What is encouraging is that there is at least one razor-sharp, shrewd operator in the Liberal Party’s ranks — Kroger — whose correct instinct that funds had gone missing in Melbourne proved that years of complacent blindness or ineptitude on the part of those around Mantach (or, more worryingly, who were charged with providing rigorous financial checks) was an exacerbating factor to a forseeable crime that characteristic bad judgement on the part of Liberal office bearers had not only enabled, but perhaps invited.

But for the most part, those charged with the effective management of the party behind the scenes are not worth the money it pays them.

If there is any good that can come from this despicable episode, it should be a root and branch shake-up of all the Liberals’ state and federal offices; there is too much deadwood soaking up salaries their performance does not and cannot warrant, and this is an extravagance and an indulgence that the party — chartered to represent Australians from all walks of life, and expanding the horizons for opportunity and choice and reward for endeavour — can’t afford.

It is not inconceivable that the Liberal Party, this time next year, will be out of power everywhere except New South Wales and Tasmania, and on shaky ground approaching a re-election attempt in WA, but that terrible prospect should not be allowed to materialise before action is taken.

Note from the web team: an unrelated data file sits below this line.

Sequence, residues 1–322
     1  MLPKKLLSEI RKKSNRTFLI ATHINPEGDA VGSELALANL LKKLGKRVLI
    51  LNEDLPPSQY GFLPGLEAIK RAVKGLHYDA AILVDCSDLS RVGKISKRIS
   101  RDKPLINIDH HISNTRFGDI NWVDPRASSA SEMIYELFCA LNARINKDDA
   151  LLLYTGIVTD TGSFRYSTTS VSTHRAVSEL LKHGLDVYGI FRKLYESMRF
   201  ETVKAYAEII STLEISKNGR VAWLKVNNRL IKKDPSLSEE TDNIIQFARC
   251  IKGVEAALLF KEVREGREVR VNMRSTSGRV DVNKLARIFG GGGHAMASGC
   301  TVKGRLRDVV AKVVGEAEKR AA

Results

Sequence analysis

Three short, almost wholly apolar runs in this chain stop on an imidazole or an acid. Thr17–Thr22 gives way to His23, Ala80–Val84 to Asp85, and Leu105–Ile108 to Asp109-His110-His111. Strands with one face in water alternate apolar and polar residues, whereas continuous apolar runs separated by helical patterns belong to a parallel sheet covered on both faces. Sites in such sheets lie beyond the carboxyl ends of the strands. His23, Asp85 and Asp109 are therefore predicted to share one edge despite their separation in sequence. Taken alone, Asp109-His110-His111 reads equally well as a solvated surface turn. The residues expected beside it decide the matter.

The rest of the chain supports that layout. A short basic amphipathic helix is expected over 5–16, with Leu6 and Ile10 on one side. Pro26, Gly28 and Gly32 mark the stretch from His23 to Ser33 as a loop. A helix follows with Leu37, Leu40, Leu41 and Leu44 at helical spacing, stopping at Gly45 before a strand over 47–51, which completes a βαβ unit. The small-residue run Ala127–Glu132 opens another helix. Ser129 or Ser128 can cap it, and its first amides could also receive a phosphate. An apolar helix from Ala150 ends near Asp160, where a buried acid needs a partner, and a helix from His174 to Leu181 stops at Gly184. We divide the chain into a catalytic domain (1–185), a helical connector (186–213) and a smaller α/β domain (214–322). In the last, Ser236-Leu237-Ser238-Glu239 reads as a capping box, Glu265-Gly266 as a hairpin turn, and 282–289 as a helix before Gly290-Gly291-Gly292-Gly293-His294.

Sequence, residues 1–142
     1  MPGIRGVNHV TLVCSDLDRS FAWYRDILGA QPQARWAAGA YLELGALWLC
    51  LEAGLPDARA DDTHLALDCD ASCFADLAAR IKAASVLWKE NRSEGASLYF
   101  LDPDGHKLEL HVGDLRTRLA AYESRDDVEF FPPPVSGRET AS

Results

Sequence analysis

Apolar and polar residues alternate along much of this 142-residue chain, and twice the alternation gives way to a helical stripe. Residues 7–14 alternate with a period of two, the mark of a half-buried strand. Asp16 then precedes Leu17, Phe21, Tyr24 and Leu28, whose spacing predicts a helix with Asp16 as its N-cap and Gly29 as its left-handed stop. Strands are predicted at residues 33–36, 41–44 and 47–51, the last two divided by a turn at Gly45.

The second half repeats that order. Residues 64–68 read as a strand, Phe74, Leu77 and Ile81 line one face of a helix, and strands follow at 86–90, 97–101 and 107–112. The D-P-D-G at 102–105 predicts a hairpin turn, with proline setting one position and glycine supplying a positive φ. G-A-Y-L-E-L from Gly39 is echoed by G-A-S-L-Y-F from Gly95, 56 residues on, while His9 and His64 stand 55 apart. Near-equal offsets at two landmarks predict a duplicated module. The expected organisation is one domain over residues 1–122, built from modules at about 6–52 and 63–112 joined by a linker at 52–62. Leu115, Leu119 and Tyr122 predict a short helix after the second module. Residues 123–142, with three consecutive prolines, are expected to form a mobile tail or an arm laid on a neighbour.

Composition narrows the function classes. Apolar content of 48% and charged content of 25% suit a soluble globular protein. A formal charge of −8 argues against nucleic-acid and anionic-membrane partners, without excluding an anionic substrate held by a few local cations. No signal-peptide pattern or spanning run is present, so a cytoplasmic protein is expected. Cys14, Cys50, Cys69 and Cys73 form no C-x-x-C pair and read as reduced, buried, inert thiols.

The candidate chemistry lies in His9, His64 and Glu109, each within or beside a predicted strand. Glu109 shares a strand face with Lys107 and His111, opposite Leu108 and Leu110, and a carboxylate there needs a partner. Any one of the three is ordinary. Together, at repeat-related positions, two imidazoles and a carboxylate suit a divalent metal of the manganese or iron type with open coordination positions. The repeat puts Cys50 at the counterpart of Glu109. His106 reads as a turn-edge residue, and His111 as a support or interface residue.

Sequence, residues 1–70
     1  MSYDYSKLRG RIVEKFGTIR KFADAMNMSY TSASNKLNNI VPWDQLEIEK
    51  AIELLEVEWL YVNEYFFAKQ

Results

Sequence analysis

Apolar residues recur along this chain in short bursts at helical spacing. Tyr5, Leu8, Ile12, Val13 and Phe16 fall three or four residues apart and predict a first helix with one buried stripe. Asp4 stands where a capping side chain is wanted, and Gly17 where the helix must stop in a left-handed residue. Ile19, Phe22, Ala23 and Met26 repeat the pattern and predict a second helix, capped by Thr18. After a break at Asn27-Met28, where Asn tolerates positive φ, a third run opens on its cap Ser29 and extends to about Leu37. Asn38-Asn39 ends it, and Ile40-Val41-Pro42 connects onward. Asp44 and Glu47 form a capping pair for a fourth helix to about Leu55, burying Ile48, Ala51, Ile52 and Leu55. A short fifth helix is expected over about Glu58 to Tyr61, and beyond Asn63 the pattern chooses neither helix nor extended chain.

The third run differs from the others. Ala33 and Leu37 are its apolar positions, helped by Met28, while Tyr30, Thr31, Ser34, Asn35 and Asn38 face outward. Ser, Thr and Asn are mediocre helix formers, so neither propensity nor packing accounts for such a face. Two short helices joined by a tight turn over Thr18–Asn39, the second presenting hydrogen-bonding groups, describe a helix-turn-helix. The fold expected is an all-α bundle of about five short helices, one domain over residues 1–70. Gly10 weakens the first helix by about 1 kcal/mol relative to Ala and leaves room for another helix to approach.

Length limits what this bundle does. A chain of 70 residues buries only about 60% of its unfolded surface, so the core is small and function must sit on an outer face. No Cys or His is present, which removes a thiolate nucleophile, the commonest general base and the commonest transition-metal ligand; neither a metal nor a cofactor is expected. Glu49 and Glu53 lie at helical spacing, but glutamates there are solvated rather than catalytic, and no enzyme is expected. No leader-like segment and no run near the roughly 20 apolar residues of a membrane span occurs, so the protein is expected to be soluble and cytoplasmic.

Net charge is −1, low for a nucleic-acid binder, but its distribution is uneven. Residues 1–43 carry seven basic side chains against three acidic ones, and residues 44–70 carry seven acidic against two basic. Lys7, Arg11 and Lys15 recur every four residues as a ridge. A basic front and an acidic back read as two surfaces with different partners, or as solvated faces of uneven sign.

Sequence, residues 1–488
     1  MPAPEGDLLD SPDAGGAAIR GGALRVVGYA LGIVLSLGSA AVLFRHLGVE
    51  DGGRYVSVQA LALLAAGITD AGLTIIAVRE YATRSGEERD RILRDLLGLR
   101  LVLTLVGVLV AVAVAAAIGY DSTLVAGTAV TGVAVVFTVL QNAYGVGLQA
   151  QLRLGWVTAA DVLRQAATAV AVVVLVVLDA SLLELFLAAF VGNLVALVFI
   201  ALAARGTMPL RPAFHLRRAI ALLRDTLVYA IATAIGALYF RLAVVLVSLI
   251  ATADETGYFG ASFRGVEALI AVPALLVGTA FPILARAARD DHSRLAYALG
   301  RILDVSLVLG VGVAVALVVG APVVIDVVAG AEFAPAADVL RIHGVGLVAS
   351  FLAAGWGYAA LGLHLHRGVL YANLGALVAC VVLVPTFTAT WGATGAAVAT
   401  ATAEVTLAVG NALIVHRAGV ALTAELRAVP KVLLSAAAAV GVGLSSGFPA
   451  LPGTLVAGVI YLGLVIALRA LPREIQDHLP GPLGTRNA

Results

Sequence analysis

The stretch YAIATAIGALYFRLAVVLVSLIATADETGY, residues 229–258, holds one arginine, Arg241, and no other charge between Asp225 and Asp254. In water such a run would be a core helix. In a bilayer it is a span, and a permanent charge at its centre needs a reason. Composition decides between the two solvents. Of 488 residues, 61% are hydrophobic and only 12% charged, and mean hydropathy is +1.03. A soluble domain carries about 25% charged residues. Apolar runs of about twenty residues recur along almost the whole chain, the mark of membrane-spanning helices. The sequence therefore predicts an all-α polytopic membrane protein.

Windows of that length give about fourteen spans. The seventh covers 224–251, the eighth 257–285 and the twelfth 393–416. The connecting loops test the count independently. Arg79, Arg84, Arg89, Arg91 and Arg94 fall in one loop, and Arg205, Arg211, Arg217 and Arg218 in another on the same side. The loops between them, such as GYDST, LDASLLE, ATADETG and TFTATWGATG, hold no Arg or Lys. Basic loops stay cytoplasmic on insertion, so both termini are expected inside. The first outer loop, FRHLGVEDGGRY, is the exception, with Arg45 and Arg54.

Perversely, Mantach may have done the party a favour. The torpid mismanagement is like a cancer, and needs to be cut out. The wrong people have discharged their obligations to the party poorly for too long and have been handsomely rewarded for their efforts. Yet even after a federal election defeat, some of them will survive, or even be promoted.

But nobody would argue the Liberals have “won” the politics of the past ten years nationally, and in the prevailing conditions the fault for that lies squarely with the people the party has entrusted with jobs they arguably did not and do not deserve. The markers of the malaise are everywhere.

In this sense, the Mantach debacle — whilst rightly destined to end in a prosecution — should also signal the point at which the Liberal Party’s back offices are overhauled, and parasitic time-servers rooted out.

There are those who believe Kroger is a divisive figure in the national organisation, but to date he is the only key player to have exhibited a shred of nous or sound judgement in identifying an alleged fraud that, unforgivably, was perpetrated over years and under the very noses of others who should have recognised something was seriously wrong.

If anyone is capable of instituting  root and branch reform of the party, it is Kroger. The party’s other jurisdictions across the country could do worse than to open their divisions to the Victorian President. The price for doing nothing is a potential decade in opposition. The Mantach disaster need not be for nothing. Now is the time to act, and to act broadly.


The Advance Of Jacqui Lambie: Be Afraid, Be Very Afraid

THE PROSPECT of idiot Senator Jacqui Lambie’s party winning up to seven Senate seats at a double dissolution — almost certainly more than the National Party, and possibly gaining the balance of power — is a horrendous prospect that would cause untold damage to Australia; with Lambie’s ignorant, childish politics based on little more than settling imaginary scores, government would grind to a halt. Undoing her impact would take years.